Sabres fire GM Jason Botterill 3 weeks after owner said his job was secure

On second thought, Buffalo Sabres owners Terry and Kim Pegula weren’t pleased with general manager Jason Botterill continuing to oversee their franchise.

Citing a lack of communication and philosophical differences over the direction of a franchise in the midst of a nine-year playoff drought, the Pegulas reversed course in making the abrupt decision to fire Botterill on Tuesday.

It was a stunning move that came three weeks after Kim Pegula told The Associated Press that Botterill would be retained.

At the same time, the Pegulas had a GM-in-waiting by promoting former player, Kevyn Adams, to succeed Botterill. The Pegulas noted they’re more comfortable with Adams, who held the role of vice-president of business operations, in having watched him take on numerous roles within the organization over the past nine years.

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“We felt like we needed to be heard,” Terry Pegula during a Zoom conference call without going into detail on what the philosophical differences were.

“I’m not going to sit here and dish on Jason Botterill, but we have a vision and we want to see our vision succeed,” he added. “We were in detailed discussions with Jason, and how we felt we needed to move forward effectively, efficiently and economically running this franchise, we felt there were too many differences of opinion going into the future.

Kim Pegula said the change of heart regarding Botterill’s status stemmed in part with the NHL draft being pushed back to the fall, which will provide Adams more of an opportunity to establish himself in his new role.

Though Adams has no previous GM experience, the Pegulas believe he’s capable of establishing a collaborative line of communication between ownership and returning coach Ralph Krueger.

Botterill did not respond to a text message seeking comment.

During a season-ending Zoom conference call last month, Botterill said the criticism that came with missing the playoffs wouldn’t alter his vision of continuing to build the organizational depth and developing young talent.

“There’s always urgency in this position, and I’m not surprised that our passionate fans want to see a winner on the ice,” he said.

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Botterill was fired three years into his tenure and following a season in which Buffalo finished 13th in the Eastern Conference standings and one spot short of qualifying for the NHL’s expanded 24-team playoff.

“Our fans deserve better, and we are all tasked with the burden to improve and provide them a consistent, contending team for years to come,” the Pegulas said in a statement released by the team.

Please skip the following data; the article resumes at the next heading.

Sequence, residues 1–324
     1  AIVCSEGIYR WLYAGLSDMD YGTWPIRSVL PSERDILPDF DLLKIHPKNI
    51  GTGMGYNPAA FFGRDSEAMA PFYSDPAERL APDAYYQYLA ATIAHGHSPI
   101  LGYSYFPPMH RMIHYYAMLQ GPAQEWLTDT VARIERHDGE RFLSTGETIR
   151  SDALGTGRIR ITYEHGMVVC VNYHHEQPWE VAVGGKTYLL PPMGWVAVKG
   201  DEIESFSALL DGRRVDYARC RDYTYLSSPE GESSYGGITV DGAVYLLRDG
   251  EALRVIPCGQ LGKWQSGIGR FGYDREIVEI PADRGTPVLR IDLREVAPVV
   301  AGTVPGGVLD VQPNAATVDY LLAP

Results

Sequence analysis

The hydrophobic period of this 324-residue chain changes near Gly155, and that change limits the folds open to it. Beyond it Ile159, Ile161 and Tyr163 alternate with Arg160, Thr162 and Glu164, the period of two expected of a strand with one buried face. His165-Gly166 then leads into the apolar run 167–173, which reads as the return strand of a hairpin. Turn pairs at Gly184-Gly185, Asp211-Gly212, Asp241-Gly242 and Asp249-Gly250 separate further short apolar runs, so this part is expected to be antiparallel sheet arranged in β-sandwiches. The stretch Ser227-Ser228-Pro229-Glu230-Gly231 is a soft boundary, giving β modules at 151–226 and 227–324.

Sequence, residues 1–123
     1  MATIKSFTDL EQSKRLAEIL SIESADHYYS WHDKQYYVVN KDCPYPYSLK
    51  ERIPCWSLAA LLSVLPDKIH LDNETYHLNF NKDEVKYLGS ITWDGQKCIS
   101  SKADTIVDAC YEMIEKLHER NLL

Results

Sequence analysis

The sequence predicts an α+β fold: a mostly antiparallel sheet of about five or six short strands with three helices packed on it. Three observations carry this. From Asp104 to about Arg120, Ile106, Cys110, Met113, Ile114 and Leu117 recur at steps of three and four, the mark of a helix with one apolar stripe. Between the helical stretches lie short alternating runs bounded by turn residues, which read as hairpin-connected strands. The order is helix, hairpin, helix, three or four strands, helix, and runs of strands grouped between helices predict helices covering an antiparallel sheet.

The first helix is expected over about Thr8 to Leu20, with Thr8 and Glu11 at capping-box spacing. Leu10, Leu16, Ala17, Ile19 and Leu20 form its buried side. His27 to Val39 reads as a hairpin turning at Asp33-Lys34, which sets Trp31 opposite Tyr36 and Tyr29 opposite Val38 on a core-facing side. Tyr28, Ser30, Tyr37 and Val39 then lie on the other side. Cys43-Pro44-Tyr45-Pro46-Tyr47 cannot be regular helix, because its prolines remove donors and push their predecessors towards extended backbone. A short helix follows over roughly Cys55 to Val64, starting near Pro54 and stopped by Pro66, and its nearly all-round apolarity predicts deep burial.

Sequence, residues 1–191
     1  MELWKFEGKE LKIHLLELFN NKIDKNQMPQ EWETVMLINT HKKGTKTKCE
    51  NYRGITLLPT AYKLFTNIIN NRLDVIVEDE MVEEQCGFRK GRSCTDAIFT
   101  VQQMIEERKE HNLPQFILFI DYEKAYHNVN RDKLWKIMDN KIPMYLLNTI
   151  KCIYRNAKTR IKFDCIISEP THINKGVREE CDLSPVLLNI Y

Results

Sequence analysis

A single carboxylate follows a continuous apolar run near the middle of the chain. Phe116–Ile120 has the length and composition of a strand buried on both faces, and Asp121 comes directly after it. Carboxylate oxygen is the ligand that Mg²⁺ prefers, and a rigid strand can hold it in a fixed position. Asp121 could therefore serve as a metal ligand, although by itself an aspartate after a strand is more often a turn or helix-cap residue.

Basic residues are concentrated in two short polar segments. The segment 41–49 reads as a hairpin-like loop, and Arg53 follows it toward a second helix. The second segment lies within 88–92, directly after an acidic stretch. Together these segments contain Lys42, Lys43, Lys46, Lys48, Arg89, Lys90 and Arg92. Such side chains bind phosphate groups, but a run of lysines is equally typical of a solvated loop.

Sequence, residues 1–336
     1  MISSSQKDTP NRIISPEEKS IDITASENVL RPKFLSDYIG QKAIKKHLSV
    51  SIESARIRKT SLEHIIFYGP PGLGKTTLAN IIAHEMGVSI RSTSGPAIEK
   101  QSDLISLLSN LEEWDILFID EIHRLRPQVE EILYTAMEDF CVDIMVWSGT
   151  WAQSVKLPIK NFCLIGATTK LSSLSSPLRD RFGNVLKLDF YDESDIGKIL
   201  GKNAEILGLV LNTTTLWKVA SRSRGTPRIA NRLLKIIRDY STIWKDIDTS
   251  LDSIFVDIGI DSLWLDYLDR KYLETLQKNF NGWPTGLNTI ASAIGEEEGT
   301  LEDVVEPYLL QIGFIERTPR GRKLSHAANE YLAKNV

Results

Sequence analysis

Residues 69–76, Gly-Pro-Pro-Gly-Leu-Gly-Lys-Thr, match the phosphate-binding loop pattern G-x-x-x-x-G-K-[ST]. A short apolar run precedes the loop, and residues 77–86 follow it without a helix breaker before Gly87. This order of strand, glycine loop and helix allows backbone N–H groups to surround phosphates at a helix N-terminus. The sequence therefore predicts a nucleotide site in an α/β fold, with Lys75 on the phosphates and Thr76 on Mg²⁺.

The Sabres also fired assistant GMs Randy Sexton and Steve Greeley. The house-cleaning even reached the Sabres minor-league affiliate in Rochester, with coach Chris Taylor and his assistants, Gord Dineen and Toby Petersen, also being fired.

Revolving door

The flip flop on Botterill comes at a time the Pegulas have been criticized for mismanaging a franchise which has featured a revolving door at the coach and general manager positions since they purchased the team in February 2011.

In that time, the Sabres are now on their sixth coach and fourth GM.

Adams grew up a Sabres fan in suburban Buffalo and wore No. 11 because of his love of Hall of Famer Gilbert Perreault.

He won a Stanley Cup with the 2006 Carolina Hurricanes during his nine-plus-year NHL career, and briefly worked as an agent following his retirement before being hired by the Sabres.

In Buffalo, he held numerous roles as a development coach and then an assistant, before moving into the business side of the operation.

As the Sabres’ third consecutive first-time GM, Adams faces a considerable challenge in shaping a roster that lacks secondary scoring and could face a salary-cap crunch with numerous players eligible to become restricted and unrestricted free agents this off-season.

Adams said he will immediately begin reaching out to Sabreds players as well as introducing himself to NHL GMs and agents. He noted he’s already familiar with several GMs and agents from his playing days.

“I believe that winning is doing it together,” he said of his collaborative approach. “We’re going to be positive. And I’m really looking forward to what lies ahead.”

Botterill was under fire for mismanaging the lineup with numerous questionable moves, while attempting to rebuild the roster through youth.

His missteps started with his first coaching hire of Phil Housley, who was fired two seasons into his tenure.

Disjointed mix

Though the Sabres showed signs of building an identity under Krueger, they were undone by a series of inconsistencies which led to captain Jack Eichel recently voicing his frustrations by saying he is “fed up with losing.”

Forward Jeff Skinner struggled in a second-line role, finishing with 14 goals and 23 points a season after signing an eight-year, $72 million US contract.

Player defections were a considerable problem with defenceman Zach Bogosian and Patrik Berglund both having their contracts terminated for refusing to play.

And the Sabres were caught off guard last week, when defenceman Lawrence Pilut, a restricted free agent, left the team to sign a two-year contract to play in Russia’s Kontinental Hockey League.

Botterill took the brunt of criticism for getting little in return when trading unhappy centre Ryan O’Reilly to the St. Louis Blues in July 2018. O’Reilly led the Blues to the Stanley Cup in 2019 and won the Conn Smythe Trophy as the playoff MVP.

In Botterill’s defence, he inherited a disjointed mix of a team put together by his predecessor, Tim Murray. The Sabres’ farm system also lacked NHL-ready depth as a result of a series of poor drafts and questionable trades.

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